How to Start Something New: Use the Newbie Mode!

NewbieSo, I’m just starting out (blog post #2, yay!), and as I’m a perfectionist (sigh) I often have to fight the tendency to make everything super-duper in order to do it “right” by my standards. That’s a good way to procrastinate endlessly. It really works, trust me on that. 🙂

I already addressed this a bit in my first blog post Good Enough is Really Good Enough.

Another good way to start something new is to embrace your newbie-ness.

As I was thinking about how to proceed in building this website I realised that I don’t know a lot of things yet. Then I had an idea:

Yippee, I’m still a newbie and I could use the newbie mode! And that’s a good thing, because you can make as many mistakes as you want, and nobody will judge you for that. 🙂

Just turn on the newbie mode and start!

What is the newbie mode?

It’s like when you were learning how to write. I don’t think you tried to be perfect when you were learning the alphabet.

It’s obvious that you’re going to make some mistakes, but everybody in the class will, and the teacher will encourage you to just continue. It’s not like you’re just learning to write, and the first thing your teacher wants you to do is an overview about various Shakespeare plays!

Or say you want to learn a new language. It’s obvious that your pronunciation will not be optimal in the beginning, but it sure will be fun to say those new words, because other people will also pronounce them in a weird way at first!

Sometimes you are the newbie, but you’re also the teacher at the same time, noticing your mistakes and correcting you. So don’t be harsh on yourself when you’re in newbie mode! Just be like a real, nice teacher to yourself who is helping and understanding and encouraging you.

Once, you also were a child and you were a newbie, and it was really OK. You already did it, but maybe you forgot how it works as you grew older.

Some people have no problems with starting new things, but often we want to be perfect, even when we’re just starting and learning.

The other part of being a newbie is excitement! You’re gonna be excited about new things, right? It’s your first day in “class” in a subject you really like (it’s not one of those dreadful classes you’re supposed to go, because now you’re the one who’s making the rules).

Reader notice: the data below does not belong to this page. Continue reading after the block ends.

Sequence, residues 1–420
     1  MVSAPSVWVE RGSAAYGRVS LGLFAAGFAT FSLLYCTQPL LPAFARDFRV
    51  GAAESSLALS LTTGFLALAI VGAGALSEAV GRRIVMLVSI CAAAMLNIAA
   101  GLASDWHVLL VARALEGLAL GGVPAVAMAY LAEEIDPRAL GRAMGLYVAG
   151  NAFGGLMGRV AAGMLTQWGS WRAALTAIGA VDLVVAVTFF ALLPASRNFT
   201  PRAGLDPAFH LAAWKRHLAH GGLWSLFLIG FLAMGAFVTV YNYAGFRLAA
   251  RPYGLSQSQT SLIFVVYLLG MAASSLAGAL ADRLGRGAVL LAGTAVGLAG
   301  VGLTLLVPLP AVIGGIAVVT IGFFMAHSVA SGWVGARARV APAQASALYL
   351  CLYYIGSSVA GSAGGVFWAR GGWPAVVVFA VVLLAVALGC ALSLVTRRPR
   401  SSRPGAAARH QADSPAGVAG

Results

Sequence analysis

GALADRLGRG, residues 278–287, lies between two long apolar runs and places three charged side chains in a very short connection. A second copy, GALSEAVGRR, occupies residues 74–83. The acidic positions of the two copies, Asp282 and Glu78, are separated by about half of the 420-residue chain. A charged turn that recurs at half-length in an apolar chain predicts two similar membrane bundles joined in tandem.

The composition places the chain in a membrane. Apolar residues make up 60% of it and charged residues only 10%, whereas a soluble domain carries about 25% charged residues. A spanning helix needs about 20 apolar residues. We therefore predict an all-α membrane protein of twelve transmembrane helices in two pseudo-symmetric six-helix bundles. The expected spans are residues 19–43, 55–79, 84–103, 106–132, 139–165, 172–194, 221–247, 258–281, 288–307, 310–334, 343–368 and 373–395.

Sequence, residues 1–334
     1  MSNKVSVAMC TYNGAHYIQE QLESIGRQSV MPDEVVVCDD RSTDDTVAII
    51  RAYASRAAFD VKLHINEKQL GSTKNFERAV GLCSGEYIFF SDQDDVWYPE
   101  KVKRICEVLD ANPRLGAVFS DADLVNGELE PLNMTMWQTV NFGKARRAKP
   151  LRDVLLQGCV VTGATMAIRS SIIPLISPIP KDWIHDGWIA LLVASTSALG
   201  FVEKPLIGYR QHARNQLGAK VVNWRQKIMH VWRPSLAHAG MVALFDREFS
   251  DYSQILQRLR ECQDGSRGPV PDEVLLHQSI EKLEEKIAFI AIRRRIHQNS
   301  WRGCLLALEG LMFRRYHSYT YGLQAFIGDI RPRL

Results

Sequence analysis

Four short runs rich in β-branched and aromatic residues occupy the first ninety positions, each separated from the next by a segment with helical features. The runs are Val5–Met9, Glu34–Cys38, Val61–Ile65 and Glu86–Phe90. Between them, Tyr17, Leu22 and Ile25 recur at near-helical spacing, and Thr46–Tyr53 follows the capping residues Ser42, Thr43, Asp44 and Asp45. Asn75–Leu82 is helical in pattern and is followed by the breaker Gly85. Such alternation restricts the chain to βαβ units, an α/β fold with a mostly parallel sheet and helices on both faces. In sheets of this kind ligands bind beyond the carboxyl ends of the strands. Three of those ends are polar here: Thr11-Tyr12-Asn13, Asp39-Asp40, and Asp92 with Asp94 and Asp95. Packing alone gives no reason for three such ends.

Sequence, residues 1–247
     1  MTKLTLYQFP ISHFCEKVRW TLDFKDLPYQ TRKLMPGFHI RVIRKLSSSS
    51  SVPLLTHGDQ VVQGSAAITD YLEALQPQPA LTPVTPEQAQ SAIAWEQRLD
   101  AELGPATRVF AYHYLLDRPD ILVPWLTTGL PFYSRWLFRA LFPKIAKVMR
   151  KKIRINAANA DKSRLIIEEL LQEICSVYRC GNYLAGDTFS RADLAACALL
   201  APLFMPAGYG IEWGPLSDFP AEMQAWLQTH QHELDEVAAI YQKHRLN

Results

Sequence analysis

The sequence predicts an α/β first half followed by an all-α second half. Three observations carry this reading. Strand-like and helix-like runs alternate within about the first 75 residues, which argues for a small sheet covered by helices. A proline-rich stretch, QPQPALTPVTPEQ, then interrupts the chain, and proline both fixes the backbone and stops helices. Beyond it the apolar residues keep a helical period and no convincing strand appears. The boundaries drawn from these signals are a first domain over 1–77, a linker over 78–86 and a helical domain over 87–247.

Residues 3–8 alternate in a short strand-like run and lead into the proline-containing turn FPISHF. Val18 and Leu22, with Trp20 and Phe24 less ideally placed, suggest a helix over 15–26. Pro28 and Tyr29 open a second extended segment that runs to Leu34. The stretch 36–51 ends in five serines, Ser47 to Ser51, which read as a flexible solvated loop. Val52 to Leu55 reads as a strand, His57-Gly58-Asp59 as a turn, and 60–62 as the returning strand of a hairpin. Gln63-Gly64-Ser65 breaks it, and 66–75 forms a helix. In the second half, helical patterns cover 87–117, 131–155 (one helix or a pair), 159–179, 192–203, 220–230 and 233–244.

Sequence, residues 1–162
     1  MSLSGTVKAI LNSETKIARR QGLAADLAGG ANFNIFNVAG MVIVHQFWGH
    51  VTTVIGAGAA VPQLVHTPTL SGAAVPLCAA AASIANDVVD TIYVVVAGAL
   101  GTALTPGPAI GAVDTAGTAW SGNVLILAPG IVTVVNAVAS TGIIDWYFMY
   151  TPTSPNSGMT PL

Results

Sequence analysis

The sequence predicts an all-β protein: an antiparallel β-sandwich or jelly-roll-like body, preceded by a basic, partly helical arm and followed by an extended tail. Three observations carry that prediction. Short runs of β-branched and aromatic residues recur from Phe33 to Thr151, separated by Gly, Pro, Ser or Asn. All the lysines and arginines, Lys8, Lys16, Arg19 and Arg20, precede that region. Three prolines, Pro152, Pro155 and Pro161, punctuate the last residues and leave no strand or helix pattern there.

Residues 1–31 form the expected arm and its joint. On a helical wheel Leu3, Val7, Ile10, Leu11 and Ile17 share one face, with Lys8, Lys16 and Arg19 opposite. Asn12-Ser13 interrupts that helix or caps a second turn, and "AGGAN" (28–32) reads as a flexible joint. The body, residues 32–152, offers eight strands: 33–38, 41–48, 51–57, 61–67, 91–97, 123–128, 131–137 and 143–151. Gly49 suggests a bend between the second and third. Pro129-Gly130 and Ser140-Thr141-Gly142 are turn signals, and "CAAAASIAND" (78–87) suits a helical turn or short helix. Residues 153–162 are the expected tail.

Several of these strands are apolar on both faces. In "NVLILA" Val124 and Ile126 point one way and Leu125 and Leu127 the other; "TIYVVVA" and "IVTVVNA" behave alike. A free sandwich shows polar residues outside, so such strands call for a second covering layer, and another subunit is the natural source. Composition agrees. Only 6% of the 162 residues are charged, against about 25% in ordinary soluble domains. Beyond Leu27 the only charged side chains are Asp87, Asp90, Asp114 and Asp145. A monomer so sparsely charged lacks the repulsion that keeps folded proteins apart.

Where can you turn on your newbie mode?

It could even be a topic where you’re already quite good at, but maybe you’re somewhat stuck and are afraid to improve further, or you want to get a new perspective on certain aspects of your topic/hobby/whatever. Well, newbie mode to the rescue!

To sum it up:

  • You’re allowed to make many mistakes. In fact, it would be strange if you didn’t make any!
  • Make it obvious that you’re a newbie and that you’re just starting out or that you want to gain new perspectives on a topic.
  • It’s fun! Be excited about the new thing and the progress you’re making. Be proud of yourself, you’re learning/doing something new!

So, where can you turn on the newbie mode? I sure will use it how to find out how this blogging thing works. 🙂

About the Author Peter Huetz

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7 comments
SANJAY SHARMA says

great post Peter. i like it. you have motivated me to start without being perfect. thanks, looking for more pearls of wisdom.

sanjay sharma, india

Reply
    Peter Huetz says

    Thanks, Sanjay! Keep it going, you can do it, too!

    Reply
      Debby Kaplan says

      Hi Sanjay,
      I see your posts at Paulymathmc. Have you started a blog yet?
      Would love to read some. Just dive in…!
      It’s really great that Paul is starting a little community. I hope we can all help each other.

      Deb

      Reply
Debby Kaplan says

Great post and very apropo for me today. As some of you might know me from Paulymath Mentorship program I’m a fitness trainer and wellness coach. I recently had to start modifying my leg routines, going from heavy weight training to light, due to one of my hips that will need surgery soon. So I had to figure out new exercises and modifications. Everything one legged. So it was a lot of retraining my brain/muscle connections and proprioception. I had to take things much slower, almost no weight, and relearn movements, trying to target my glutes and hamstring muscles for today. This took patience.But even doing everything new and slow and no low weights I got the most burn I have gotten in a long time. And I’ll tell you m my legs were screaming and my butt was burning!

But I kept telling myself that it was OK to not get it first try, or be good at it, and not have perfect form at first. Hard to say to yourself as a trainer. But i just had to put myself in ‘client’ mode for today. In fact I thought it would make a great post for my blog. And I’ll be doing tons of videos now on all these new ways to build leg and glute muscle and strength with minimal weights.
It’s LOA coming into play again. I clicked on Paul’s video and read your comment, clicked on your link because your post resonated with me today, on the day that I had to be a newbie.
Thanks for posting that. Just reconfirms to me even as a trainer that we are always in the learning mode and it’s OK to do the newbie dance.

Keep writing….
Deb

Reply
    Peter Huetz says

    Wow, what a beautiful coincidence! Yes, even if you’re already an expert, it’s sometimes good or even necessary to be in client mode/newbie mode again. And I think it also can help to better understand a client who is training with you.

    Reply
Debby Kaplan says

Hi Peter,
How far is Austria from Belgium? I will be seeing a world class surgeon in Belgium in September for my hip surgery.

Reply
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